I hadn’t seen these two for ages but I still remembered what they looked like — although if they were intending to attack right now it was likely Congo Cat would have shaved his enormous beard, common when an extremist is about to launch an attack.
I drove through another set of red lights, and took a short cut against the direction of the traffic through a roundabout.
We are not superhuman but we do have a unique set of skills that allow us to keep people safe. When our country is under attack from thousands of hostile threats, the public need people like us to stand between them and pure, unrelenting evil [File photo]
Emma, the team’s biker, came screaming up behind me at well over 100mph and followed me through. A message from base: ‘Executive Action is now five minutes out.’
It was up to us to delay Congo Cat and Green Town long enough for the strike team to deal with them before they reached their intended target.
Emma was the first to spot them. ‘Stand by. Congo Cat and Green Town walking south-west on Bowling Park Drive. He is in black top, black bottoms, clean shaven, carrying large holdall. She is in full black tracksuit, white trainers.’
It was a bad sign that Green Town wasn’t wearing a burqa. Any change in a target’s normal pattern of life is a clue they are about to do something out of the ordinary.
I caught sight of our targets walking down the pavement in the distance. ‘Executive Action four minutes out,’ Base informed us.
This was not looking good, especially after a call from another of our team. ‘There is a large crowd at the top of the park. Congo Cat has just pointed towards them. About 100 metres ahead.’
S***, they would probably be at the crowd before the strike team got here. ‘From Base, that could be the start of a large anti-far-Right demonstration, due to start marching from the park.’
That had to be their target. I moved behind Emma’s bike.
Then things went from bad to worse. Emma was back on the radio. ‘Congo Cat has stopped and opened the bag, showing Green Town the contents. I can see from here it’s definitely the butt of a weapon. Confirmed. He’s given Green Town a pistol. Where the hell is the strike team?’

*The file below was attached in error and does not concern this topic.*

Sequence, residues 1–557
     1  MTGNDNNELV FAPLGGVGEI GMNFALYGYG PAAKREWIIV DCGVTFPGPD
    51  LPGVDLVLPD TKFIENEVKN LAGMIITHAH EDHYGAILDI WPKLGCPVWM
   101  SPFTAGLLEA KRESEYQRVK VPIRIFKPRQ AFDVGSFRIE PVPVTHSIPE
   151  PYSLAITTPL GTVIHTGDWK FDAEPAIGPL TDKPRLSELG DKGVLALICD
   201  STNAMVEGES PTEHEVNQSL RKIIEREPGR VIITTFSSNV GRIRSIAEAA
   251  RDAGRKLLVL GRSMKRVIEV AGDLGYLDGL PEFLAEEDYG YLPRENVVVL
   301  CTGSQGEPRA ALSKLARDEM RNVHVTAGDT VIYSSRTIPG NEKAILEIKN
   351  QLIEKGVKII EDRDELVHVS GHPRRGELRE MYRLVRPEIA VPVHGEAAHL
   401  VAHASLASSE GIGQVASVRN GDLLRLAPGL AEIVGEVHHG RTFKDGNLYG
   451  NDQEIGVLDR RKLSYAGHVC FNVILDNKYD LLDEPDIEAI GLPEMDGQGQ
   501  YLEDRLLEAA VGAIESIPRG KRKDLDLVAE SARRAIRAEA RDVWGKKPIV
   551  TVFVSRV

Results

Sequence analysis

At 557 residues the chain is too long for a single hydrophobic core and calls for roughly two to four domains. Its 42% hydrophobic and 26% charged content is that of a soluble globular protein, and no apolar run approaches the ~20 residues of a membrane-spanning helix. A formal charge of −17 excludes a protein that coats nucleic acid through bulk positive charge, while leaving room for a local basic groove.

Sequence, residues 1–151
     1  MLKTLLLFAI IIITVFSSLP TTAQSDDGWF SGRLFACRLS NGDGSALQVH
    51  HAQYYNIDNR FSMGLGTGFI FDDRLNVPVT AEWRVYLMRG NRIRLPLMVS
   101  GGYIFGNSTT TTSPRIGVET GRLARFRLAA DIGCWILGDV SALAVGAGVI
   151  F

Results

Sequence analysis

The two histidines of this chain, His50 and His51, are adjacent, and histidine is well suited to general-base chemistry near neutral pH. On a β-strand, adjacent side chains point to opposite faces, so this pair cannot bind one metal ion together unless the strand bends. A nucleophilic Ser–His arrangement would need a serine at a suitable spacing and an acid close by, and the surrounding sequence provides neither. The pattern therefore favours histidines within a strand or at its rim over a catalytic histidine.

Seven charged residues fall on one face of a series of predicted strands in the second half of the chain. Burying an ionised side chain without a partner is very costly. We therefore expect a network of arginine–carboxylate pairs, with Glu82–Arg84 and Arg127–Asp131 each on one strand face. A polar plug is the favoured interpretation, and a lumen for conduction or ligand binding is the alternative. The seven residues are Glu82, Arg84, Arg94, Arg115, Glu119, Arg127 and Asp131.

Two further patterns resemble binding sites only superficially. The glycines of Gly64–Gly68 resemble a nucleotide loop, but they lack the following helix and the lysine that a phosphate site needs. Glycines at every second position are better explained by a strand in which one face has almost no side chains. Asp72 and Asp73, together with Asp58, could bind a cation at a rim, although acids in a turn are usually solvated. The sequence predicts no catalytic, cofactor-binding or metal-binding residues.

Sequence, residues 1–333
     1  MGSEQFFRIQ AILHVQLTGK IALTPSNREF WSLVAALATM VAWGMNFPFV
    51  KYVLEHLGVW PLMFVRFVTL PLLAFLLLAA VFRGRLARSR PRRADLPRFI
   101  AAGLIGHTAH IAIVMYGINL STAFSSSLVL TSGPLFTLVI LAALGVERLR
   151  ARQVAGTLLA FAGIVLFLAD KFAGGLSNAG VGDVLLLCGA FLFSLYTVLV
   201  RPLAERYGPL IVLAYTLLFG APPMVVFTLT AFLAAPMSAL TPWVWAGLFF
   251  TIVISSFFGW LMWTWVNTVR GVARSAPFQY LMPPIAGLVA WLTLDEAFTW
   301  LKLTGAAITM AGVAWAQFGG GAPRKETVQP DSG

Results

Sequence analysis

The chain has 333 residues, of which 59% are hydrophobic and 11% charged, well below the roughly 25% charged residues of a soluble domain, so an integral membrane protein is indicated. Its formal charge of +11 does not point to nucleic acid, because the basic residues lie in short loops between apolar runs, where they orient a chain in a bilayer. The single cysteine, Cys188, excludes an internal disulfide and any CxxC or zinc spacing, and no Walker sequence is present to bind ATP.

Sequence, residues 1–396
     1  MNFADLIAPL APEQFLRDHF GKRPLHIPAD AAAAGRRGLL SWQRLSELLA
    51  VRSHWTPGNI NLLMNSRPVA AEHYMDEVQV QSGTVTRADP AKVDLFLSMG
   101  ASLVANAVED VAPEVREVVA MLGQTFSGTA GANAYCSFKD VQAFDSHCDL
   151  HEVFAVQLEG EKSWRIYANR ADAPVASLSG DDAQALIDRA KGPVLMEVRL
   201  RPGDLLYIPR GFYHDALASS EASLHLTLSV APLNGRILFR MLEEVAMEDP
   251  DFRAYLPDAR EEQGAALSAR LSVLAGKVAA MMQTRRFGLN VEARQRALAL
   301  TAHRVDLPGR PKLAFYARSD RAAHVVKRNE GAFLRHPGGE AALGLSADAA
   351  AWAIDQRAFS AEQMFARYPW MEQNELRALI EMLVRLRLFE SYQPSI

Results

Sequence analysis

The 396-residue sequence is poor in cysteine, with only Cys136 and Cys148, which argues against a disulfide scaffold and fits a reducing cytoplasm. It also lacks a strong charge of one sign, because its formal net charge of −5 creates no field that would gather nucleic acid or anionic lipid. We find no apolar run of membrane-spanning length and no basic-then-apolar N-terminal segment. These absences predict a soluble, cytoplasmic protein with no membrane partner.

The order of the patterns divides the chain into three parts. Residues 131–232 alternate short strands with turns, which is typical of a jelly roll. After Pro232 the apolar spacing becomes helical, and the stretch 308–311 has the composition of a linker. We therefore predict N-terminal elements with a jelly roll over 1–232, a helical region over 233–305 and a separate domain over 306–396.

People were about to die.
The job is never about jumping over bonnets wearing aviator sunglasses. It’s always about getting the maximum amount of intelligence without being seen, in order to keep people alive [File photo]
The rest of the team wasn’t close enough yet. Emma was right to raise her voice on the net, demanding an answer.
‘From Base, strike team is 60 seconds out.’
‘That’s too late, they have started running towards the crowd now. Green Cat is carrying the pistol in her right hand.’
Two armed terrorists were about to start firing into a crowd of 400 people who hadn’t even seen them approaching. Only Emma and I could stop them.
Emma bumped her bike up on the pavement and twisted the throttle hard, battling to keep the front wheel down as she rode as fast as she could towards the backs of both targets. She was putting her life on the line here.
The noise from the bike was deafening and the speed at which she came gave the two targets a massive shock. They spun round, eyes wide.
Speeding up behind, I dived out of the car and sprinted towards them. I saw the bag on the pavement where it had been dropped.
I grabbed it before Congo Cat had a chance to go for it, glimpsing two shotguns and a number of large hunting knives inside.
I passed it to Emma, who cradled it across her fuel tank and rode back onto the road and away.
Two more strides and I’d taken the pistol from Green Town before her brain had a chance to process what was happening. I couldn’t tell if she had a suicide vest on under her tracksuit and I wasn’t about to